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News Article

Vaccination, Policy Agenda: Challenges to Mexico's Recovery

By Andrea Villar | Wed, 09/08/2021 - 12:00

Although 2021 has been better than expected for the Mexican economy, factors such as the slow vaccination process and the spending priorities of President Andrés Manuel López Obrador’s administration pose a large risk to the country's finances, says Alejandro Valerio, Associate Practice Leader Mexico and Central America of FrontierView. “The country’s economic recovery will continue in 2022 mainly on the back of exports to the US. However, we should expect an uneven recovery across industries and segments amid a challenging operating environment.”

From the beginning of the pandemic, markets have witnessed the Mexican economy's growth prospects increase. Just in early August, the International Monetary Fund (IMF) raised its growth outlook for Mexico from 5 to 6.3 percent in 2021, whereas by 2022 it expects the Mexican economy to grow by 4.2 percent from the 3 percent previously expected. A month earlier, the World Bank raised its forecast for Mexico's economic growth in 2021 from 3.7 percent to 5 percent, largely supported by the recovery in the US. “About 40 percent of the population in developed economies has been fully vaccinated, compared with 11 percent in emerging nations and a very small fraction in low-income developing countries,” IMF Chief Economist Gita Gopinath said in a statement. To date, 45.6 percent of Mexicans have received at least one dose of a COVID-19 vaccine, according to Our World in Data. 

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Nonetheless, Valerio warned, Mexico will not return to pre-pandemic levels until late 2023 or early 2024. This effect is partly due to the government's lack of fiscal stimulus, which amounted to less than 2 percent of GDP, “the lowest among all major economies” and only surpassing Uganda when compared to 80 countries. “This is related to the austerity policy of the current government, which was one of the reasons why over 1 million SMBs closed permanently," he said. Due to the lack of fiscal stimulus, the country's sovereign debt remains relatively stable, he added, which explains why rating agencies have issued red flags for countries that "exceeded themselves in dealing with the COVID-19 shock.”

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In addition to economic stimulus, recovery continues to be linked to the vaccination process. According to FrontierView, Mexico has secured enough vaccines to immunize 99 percent of its population but the process has been sluggish. By late August, only 27 percent of the country's population had already received the two shots. Other countries in the region have vaccinated much larger segments of their population: Chile already vaccinated 72 percent, Ecuador 50 percent and Brazil 31 percent. Mexico, on the other hand, is expected to have 80 percent of its population fully vaccinated by early 2022, FrontierView data reveals.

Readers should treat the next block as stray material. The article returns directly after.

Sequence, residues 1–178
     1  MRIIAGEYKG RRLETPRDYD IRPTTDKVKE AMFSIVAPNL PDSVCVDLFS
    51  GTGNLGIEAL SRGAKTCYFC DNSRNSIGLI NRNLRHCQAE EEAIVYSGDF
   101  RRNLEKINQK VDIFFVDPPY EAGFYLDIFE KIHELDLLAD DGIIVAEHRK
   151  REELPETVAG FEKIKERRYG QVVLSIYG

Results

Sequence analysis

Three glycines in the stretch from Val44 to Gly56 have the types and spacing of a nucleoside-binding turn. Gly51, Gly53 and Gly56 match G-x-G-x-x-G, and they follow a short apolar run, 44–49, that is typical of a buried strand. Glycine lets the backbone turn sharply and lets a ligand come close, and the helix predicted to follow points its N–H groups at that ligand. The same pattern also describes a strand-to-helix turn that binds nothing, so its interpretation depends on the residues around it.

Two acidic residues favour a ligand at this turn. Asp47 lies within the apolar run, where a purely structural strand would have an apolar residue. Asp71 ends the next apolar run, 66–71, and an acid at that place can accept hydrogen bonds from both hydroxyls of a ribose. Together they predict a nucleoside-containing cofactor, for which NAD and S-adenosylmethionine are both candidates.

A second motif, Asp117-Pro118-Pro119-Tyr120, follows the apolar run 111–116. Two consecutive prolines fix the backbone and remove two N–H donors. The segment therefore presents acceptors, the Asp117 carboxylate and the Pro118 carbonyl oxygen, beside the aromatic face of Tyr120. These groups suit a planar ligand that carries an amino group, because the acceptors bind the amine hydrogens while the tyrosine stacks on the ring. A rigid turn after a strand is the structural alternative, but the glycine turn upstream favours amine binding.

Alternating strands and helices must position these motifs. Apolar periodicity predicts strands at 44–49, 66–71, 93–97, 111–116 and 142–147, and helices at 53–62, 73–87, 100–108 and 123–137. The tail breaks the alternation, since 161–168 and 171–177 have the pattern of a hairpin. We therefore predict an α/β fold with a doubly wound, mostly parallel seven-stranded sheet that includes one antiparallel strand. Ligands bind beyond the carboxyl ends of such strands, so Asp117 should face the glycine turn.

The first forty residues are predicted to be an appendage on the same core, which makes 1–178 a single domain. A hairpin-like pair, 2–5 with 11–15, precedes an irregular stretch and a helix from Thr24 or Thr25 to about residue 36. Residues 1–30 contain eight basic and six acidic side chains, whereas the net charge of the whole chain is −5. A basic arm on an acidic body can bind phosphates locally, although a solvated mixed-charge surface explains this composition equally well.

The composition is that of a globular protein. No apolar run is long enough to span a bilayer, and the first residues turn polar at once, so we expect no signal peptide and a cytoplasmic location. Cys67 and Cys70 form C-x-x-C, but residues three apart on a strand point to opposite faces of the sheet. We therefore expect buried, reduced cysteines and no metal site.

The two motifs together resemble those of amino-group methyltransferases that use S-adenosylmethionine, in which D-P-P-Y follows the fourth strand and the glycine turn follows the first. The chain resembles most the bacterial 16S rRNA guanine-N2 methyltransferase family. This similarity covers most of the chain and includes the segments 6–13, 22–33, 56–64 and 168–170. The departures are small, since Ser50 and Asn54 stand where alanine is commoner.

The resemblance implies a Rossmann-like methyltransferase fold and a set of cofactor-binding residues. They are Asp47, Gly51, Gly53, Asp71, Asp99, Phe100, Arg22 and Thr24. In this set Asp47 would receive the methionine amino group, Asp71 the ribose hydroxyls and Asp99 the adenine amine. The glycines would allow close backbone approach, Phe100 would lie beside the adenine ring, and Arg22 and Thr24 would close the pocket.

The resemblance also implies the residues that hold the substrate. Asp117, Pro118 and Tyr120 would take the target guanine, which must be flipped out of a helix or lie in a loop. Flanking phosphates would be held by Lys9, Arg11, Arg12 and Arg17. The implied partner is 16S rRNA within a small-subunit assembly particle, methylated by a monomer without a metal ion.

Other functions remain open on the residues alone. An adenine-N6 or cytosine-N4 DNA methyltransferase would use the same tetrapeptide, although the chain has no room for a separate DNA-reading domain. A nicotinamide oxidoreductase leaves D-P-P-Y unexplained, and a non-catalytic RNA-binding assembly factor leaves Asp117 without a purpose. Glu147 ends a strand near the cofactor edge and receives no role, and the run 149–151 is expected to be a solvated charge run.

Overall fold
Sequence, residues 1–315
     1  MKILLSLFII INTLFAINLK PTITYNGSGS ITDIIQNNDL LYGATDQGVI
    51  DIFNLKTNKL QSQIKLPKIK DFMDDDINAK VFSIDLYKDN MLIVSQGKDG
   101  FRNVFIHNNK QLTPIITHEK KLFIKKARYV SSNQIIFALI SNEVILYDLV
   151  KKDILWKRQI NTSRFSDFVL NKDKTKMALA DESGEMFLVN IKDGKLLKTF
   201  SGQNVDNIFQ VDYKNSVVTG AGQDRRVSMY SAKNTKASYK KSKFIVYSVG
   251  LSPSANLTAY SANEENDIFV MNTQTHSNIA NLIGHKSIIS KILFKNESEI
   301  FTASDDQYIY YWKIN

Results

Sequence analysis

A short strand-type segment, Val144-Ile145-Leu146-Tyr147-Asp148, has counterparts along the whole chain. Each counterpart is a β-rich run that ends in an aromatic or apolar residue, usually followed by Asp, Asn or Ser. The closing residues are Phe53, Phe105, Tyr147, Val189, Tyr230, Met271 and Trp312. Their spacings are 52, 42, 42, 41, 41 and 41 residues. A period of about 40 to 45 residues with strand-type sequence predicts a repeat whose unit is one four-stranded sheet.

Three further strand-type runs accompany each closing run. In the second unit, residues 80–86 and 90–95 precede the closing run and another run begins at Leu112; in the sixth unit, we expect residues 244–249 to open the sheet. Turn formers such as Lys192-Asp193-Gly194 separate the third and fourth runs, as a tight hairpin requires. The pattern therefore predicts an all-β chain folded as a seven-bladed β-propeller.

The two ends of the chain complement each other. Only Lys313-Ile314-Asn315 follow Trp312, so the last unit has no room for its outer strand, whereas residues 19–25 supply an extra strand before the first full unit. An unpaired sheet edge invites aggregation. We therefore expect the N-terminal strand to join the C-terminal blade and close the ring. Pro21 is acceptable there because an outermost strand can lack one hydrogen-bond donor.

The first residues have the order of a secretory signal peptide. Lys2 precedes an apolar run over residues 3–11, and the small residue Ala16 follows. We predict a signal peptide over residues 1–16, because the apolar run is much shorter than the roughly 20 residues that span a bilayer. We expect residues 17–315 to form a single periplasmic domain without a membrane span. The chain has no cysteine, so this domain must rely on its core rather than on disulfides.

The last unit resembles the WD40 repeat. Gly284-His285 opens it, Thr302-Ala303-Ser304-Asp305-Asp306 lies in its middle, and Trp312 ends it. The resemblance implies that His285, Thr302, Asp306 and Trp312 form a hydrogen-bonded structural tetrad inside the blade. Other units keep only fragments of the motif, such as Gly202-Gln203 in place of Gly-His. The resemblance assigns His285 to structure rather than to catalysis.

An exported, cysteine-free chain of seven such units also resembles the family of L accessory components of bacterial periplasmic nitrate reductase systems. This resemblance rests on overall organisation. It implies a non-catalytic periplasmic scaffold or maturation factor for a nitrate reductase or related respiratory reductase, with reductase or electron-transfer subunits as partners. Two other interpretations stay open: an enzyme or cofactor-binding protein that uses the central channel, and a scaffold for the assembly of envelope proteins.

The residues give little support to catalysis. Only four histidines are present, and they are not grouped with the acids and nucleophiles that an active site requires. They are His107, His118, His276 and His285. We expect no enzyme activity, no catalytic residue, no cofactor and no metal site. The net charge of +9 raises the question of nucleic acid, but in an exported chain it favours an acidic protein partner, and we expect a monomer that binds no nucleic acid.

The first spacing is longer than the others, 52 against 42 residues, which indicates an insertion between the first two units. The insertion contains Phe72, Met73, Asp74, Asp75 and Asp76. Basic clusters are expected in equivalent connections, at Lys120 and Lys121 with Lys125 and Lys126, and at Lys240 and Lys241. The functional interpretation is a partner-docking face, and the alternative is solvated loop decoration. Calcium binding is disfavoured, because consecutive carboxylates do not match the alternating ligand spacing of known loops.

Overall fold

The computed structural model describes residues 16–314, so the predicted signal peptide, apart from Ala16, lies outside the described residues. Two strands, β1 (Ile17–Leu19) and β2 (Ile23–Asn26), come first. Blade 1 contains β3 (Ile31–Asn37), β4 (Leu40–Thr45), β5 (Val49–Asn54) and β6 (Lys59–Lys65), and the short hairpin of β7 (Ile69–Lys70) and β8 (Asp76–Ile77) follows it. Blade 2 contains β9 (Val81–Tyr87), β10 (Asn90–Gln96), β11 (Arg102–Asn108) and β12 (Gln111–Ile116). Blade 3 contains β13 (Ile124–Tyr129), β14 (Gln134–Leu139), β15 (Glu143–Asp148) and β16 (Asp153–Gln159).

Mexico, FrontierView, MexicoView

The emergence of new virus variants has also posed a challenge to countries' economic recovery, Valerio said. Countries with very high vaccination levels such as Israel and Chile have shown rising infection trends in the face of these new variants. According to Valerio, Mexico has a head start in this regard as the vaccines it has applied have been diversified, from Pfizer, AstraZeneca, SputnikV, CanSino and recently Moderna. “This has led to an improvement in the trend of infections compared to 2020. The data and the trend indicate that Mexico will not return to the same situation as in 1Q20.”

The situation for companies will continue to be challenging, Valerio noted, as issues on the government's agenda including the outsourcing reform, changes to the energy reform and the tax reform currently underway pose major hurdles. While the outsourcing reform will bring negative impacts such as increased labor costs and a decrease in competitiveness against other countries such as China, the changes to the energy reform will present hurdles for the renewable energy sector. Meanwhile, the tax reform, aimed at targeting large corporations' profits, “will result in an increase in the cost of doing business in the country,” he explained.

Mexico, FrontierView, MexicoView

Andrea Villar Andrea Villar Journalist and Industry Analyst